Q: I have a dull gray plastic tile on my kitchen wall. I am now removing this tile, but I am finding that the glue is very hard to remove. Is there an easier way than hours of scraping?

A: Since you haven't told me what kind of tile was used (plastic or ceramic), I must assume that you are talking about plastic tile that was applied with adhesive. Most of these adhesives will dissolve with either lacquer thinner, acetone or paint remover. However, these solvents are highly inflammable, so if you do decide to try them, be sure there are no open flames nearby and that there is plenty of ventilation. I think you may be better off renting a belt sander and using this with a coarse to medium grit paper - it will probably be faster, less costly, as well as being safer.

Q: You have rightly advised people through your column not to apply linseed oil on cedar shakes because it tends to develop mildew and darkens greatly with age. However, we applied linseed oil four years ago. What can we do now to clear up these problems?

A: The first thing I would to is scrub the shingles to get rid of the mildew and some of the surface dirt. Use a solution made by mixing one quart of fresh Clorox with three quarts of water, to which you add a couple of handfuls of a strong powdered detergent. Scrub on with a stiff brush, then rinse off with plenty of water. If there are still dark spots remaining, the only choice you have is to apply a shingle in a darker colour to camouflage them.If there is no serious problem with dark sections, and if you want to retain the natural look and color of the cedar, then I would suggest applying two coats of either a clear wood sealer, or a colorless creosote shingle stain. These products are sold in most well-stocked paint stores, as well as in many lumber yards.

Q: I have an old pine dining table which has been waxed or oiled with lemon oil for many years. I now want to refinish this table with a low luster varnish so that it will be easier to keep clean. How can I remove the oil without damaging the antique patina before applying the varnish?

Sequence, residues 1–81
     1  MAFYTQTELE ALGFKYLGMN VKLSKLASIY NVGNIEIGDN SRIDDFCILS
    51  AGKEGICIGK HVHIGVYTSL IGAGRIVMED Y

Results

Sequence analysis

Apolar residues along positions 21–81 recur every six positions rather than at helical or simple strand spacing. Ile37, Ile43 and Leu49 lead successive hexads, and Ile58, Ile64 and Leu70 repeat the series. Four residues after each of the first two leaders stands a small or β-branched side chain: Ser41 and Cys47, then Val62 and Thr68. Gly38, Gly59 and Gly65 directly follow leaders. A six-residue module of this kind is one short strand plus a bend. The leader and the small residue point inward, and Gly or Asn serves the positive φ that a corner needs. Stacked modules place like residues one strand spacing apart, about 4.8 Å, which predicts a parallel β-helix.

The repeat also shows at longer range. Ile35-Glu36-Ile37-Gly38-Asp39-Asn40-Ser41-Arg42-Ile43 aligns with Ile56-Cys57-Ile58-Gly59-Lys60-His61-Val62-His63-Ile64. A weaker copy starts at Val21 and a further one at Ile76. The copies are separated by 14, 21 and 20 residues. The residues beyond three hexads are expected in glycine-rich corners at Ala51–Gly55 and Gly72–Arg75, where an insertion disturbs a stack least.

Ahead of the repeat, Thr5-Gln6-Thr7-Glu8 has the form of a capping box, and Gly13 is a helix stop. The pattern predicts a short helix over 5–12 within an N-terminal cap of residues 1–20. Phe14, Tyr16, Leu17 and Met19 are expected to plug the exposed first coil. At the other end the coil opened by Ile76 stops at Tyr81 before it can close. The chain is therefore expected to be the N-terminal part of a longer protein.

A: The patina you refer to is basically the finish - and in your case this is the wax and oil used. Removing this will remove most of the patina, although the color may remain at least in part. However you must remove all the oil, wax or polish before you can apply any varnish - otherwise the varnish will not dry properly. you can remove this oil and wax by scrubbing with a pad of fine steel wool, which is repeatedly dipped into paint thinners. Do a small section at a time, then wipe up promptly with plenty of rags before the solvent starts to dry again. Chances are you will have to go over each section twice if there is many years of accumulation on the surface. Remember that the solvent or thinner is flammable, so dispose of all rags promptly out of doors (in a metal pail). As a final precaution, I would advise applying a thin coat of shellac as a first coat (one part shellac to two parts alcohol) to seal the surface, in case any oil or wax remains in the pores.

Q: I bought an old summer house and want to redo the floors which now have old tile and linoleum on them. What is the best method for removing these old floor coverings so that I can then sand the floors?

A: To remove the linoleum, work one corner loose, then start pulling it up while you scrape with a stiff putty knife or a long-handled tool, such as the kind used to chop ice off sidewalks and stoops. Linoleum cement is water soluble, so after you have raised a section start mopping hot water underneath to help soften the cement and ease the lifting job. It will come up in pieces, but this can't be helped. When all of it is off, scrub the entire floor with hot water and use a scraper to remove as much of the heavy caked-on cement as you can before sanding.

To remove the tiles, you will probably find a small torch or heat lamp helpful. Heat each tile, then pry one corner up and force a wide putty knife underneath. After the first few, the job will go faster if you use a hammer to tap the scraper under the tiles, but continue to use the torch on stubborn ones. The idea is to heat each tile enough to soften it, not to scorch it or set it on fire. After the tiles are all up, use coarse paper for the first sanding to get off the adhesive that remains.

Q: Is there any way I can apply a hard, scratchproof and stainproof finish to my maple dining table so that I can use it without having to cover the entire table each time we dine in the room?

A: There are very hard varnishes, known as bar top varnishes, which are sold in many paint stores. One of these, or a urethane varnish, can be applied to give a fairly tough finish that will be alcohol-resistant and also resistant to most food stains (if they are wiped off promptly). Two or three coats will be required. However, I would still advise using place mats to protect against scratching, and avoid placing hot pots or dishes directly on the surface.

Questions about home repair should be addressed to Bernard Gladstone, Do-It-Yourself Clinic, Home Improvement Department, The New York Times, 229 West 43d Street, New York, N. Y. 10036. Only those questions of general interest can be answered in this column.